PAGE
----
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Billie Holiday - Artist of the Month April 2018

Lady Day from April to May

Billie Holiday as April’s Artist of the Month

Billie Holiday endures as an icon, a tragic figure, symbol of the times. But at root of it all she was a female vocal artist of incredible power, probably the first fully-developed, credible and widely accepted jazz singer. Holiday was an unlikely revolutionary—let alone a diva, with a relatively small voice, limited range and a very subtle stage presence. What she had was a flawless improvising sense of how to re-emphasize the notes and words of a song, torquing it into a swinging, flowing variation. As one commentator observed, she “re-composes” the tunes as she sings.


Growing up in Philadelphia and Baltimore, Holiday (1915–59) overcame the most brutal circumstances of poverty. Life experience as a young Black woman in a broken family situation forced her to grow up fast and fueled the emotional power of her delivery.  What fueled and shaped Holiday’s music were the very foundations of vocal Jazz creativity: records of the blues singers popular in her youth—Ethel Waters perhaps above all—and Louis Armstrong, especially his “West End Blues”, which caught her ear on the way into adolescence. By her late teens, through the hardest times of the Great Depression, Billie Holiday had relocated with her mother to Harlem, the site of her first artistic exposure.

She sang in small clubs uptown; in some establishments she in fact would serenade customers, moving from table to table and inventing different versions of the same tune one after another, according to the producer who brought a teenage Holiday to make her first records with Benny Goodman in 1933. The breakthrough to a larger public came in 1935, through a specifically designed series of records led by pianist Teddy Wilson. For those projects Billie Holiday was cast in a lineup of talented soloists basically having a loosely planned jam session on records. In the middle of the record she would sing the song as a jazz solo. This pattern of record-making we refer to retroactively as the “Swing Song Tradition.” The concept was a hit, and Holiday was a hit, particularly on Wilson’s version “I Cried for You”, which rang the bell of the emerging juke-box industry.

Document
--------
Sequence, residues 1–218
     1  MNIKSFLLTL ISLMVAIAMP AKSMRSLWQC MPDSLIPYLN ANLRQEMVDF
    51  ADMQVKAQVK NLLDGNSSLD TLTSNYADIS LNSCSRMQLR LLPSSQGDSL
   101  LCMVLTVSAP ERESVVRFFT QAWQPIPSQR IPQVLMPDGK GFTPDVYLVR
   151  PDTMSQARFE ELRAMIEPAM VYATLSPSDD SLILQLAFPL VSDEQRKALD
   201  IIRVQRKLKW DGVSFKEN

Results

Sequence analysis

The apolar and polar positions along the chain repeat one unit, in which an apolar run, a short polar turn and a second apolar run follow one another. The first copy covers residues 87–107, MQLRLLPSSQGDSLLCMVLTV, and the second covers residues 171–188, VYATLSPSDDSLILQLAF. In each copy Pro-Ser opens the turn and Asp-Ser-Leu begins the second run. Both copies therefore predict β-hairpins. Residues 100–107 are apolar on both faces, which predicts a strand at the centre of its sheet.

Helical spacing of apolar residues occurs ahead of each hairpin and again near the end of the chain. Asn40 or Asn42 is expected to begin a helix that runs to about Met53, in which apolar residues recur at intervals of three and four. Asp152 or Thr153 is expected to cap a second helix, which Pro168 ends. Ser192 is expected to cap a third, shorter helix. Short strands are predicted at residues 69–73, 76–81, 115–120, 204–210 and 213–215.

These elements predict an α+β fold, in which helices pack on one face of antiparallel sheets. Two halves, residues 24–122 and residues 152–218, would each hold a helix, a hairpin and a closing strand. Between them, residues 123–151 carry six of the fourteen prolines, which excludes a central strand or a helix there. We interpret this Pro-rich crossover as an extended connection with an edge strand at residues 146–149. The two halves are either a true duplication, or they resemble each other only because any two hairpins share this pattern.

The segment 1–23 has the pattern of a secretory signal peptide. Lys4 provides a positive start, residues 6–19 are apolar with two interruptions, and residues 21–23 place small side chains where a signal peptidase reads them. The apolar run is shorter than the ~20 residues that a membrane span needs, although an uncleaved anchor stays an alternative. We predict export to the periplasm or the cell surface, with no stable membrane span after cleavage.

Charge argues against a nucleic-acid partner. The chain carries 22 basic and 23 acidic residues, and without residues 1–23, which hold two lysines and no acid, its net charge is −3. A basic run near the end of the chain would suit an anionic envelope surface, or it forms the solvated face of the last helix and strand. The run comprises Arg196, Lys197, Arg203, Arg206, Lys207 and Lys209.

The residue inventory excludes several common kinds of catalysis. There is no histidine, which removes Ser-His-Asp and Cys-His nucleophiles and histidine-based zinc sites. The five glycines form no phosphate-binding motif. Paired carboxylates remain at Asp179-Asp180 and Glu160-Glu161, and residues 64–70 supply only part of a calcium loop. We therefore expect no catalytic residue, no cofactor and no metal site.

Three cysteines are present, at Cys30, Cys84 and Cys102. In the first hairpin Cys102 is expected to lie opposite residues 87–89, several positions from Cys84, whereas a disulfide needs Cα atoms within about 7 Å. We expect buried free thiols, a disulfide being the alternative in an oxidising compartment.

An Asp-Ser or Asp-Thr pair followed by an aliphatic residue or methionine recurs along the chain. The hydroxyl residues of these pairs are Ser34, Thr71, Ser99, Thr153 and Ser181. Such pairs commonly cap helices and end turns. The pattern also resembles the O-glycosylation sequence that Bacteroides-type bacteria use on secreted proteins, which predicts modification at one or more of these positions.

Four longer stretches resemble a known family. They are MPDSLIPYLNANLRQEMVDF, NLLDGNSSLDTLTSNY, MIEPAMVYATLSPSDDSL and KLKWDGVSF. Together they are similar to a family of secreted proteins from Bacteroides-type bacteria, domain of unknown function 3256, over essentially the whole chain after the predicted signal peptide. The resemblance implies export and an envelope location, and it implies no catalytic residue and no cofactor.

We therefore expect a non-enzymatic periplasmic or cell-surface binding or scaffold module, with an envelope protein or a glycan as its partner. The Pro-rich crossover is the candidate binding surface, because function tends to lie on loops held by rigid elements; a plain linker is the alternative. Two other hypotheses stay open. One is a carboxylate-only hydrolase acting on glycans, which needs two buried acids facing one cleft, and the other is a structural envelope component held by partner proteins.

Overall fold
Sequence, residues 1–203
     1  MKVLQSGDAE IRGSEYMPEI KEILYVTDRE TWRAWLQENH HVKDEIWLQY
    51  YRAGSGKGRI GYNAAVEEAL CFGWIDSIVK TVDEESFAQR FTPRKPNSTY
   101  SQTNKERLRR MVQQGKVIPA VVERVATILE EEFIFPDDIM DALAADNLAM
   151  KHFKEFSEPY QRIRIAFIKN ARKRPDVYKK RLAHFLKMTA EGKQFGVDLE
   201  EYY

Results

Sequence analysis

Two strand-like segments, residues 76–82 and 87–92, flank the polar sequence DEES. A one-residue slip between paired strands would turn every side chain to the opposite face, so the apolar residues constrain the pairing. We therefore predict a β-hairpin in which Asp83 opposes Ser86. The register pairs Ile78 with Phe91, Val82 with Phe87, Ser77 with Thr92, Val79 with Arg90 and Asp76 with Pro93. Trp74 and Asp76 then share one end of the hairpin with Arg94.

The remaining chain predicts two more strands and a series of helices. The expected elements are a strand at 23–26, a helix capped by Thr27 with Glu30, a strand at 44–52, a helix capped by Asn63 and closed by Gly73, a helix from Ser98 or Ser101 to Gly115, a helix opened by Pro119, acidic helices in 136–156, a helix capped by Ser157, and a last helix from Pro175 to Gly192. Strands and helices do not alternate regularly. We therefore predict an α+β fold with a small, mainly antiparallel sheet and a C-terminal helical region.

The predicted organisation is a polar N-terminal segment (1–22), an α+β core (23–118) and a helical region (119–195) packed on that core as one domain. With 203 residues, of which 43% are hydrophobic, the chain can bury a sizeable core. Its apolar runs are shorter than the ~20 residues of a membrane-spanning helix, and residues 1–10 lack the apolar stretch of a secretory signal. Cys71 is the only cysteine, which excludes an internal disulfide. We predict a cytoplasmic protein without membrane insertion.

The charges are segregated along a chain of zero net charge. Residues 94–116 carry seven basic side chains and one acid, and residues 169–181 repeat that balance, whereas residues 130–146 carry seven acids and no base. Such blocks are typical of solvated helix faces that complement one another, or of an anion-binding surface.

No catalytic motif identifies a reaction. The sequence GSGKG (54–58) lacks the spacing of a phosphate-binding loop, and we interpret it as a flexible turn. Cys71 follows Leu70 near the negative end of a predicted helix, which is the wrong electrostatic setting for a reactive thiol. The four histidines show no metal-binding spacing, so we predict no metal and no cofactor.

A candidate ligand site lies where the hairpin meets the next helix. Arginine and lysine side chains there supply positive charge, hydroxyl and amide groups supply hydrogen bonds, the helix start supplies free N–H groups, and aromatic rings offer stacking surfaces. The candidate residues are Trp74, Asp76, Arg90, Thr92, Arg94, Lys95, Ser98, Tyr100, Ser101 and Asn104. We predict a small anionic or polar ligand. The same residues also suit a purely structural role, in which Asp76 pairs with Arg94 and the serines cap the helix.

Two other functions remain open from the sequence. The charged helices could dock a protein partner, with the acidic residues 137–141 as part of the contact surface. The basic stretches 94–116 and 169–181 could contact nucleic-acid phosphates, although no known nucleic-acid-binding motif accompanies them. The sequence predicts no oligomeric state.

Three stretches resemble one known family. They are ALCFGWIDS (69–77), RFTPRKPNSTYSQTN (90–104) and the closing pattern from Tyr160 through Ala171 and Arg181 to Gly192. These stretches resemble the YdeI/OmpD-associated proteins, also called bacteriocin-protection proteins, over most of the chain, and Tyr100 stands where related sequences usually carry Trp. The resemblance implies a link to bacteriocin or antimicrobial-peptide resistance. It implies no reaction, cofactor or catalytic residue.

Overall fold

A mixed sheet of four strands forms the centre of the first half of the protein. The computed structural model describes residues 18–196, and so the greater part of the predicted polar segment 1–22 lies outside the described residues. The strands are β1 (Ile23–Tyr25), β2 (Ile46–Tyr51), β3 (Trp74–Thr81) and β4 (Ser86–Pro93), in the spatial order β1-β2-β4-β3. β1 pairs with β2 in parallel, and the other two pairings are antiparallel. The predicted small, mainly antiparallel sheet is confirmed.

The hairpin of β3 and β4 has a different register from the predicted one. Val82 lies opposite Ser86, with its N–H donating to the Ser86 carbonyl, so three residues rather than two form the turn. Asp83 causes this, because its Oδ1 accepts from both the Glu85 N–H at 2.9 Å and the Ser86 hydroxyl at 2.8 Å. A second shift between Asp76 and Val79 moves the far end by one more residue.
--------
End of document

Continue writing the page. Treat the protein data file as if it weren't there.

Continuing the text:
These recordings continue to be prized by jazz fans, especially Billie Holiday’s intertwining on Swing Song Tradition records with her musical alter ego, tenor saxophonist Lester Young. In short order came a variation on this concept, recordings issued as “Billie Holiday and her Orchestra”. These Wilson-led and Holiday-led recordings comprise nearly all of the recorded output of Billie Holiday’s first professional decade. During that time she sang with a handful of big bands—a half-year with Count Basie and a full year with Artie Shaw were the highlights. But her artistry was better suited to nightclubs, and she was particularly at home in Greenwich Village’s Café Society, where she was a regular headliner form its opening in 1939.

High and low points of the Holiday legend are traceable to the 1940s:  While she debuted in concerts at Town Hall and Carnegie, and in the major motion picture New Orleans, her personal life was full of difficult entanglements. Experimenting with hard drugs and eventual addiction brought jail time and increasing police scrutiny and public judgment. Meanwhile, she scored big in music on a new contract to Decca Records as of 1944 that couched her voice in large-scale orchestral settings.

For the last decade of Billie Holiday’s life and career she performed mainly with trio accompaniment, on a circuit that enlarged to include concerts, festivals and Europe more than once. A highly touted (and highly embellished) autobiography, Lady Sings the Blues, put her private struggles into public circulation. As the technological fidelity of recordings increased, we got an ever clearer view of a voice that had gained wisdom, poignancy and experience—in trade for the flexibility and breath support of the younger Billie Holiday. Her 1950s recordings recapped and extended earlier triumphs: The Verve family of labels revisited the style of the Swing Song Tradition records, and special projects on larger labels framed her voice again with orchestras.

Lady Day has now been gone from the scene longer than she was ever here. Merchandise keeps alive the vision of her presence; a regular stream of evocative written works— history, criticism, poetry and fiction—testify to the richness of what she symbolizes in the popular imagination. Few other Jazz musicians who were stars in their lifetimes are adored as consistently after their passing. But fundamentally we still are moved by the records you’ll hear in focus this month—the ache and cry of her voice, and the swoons and curves of the lines she laid on Jazz Age syncopation to help usher in the Swing Era.

And this cherished TV appearance:

Billie Holiday Playlist:

I Cried for You” [led by Teddy Wilson] 1935

Billie’s Blues” 1936 

Without Your Love” 1937 

Strange Fruit” 1939 

Some Other Spring”  1939

God Bless the Child” 1941 

Trav’lin’ Light” 1942 

Lover Man”, 1944 

Good Morning Heartache

Don’t Explain” 

Deep Song” [BH’s favorite], 

The Blues Are Brewin’”

Autumn in New York” 1952

"Lady in Satin" 1957

 

Previous 2018 Artist of the Month:

March: Eliane Elias

February: Nina Simone

January: Milton Jackson

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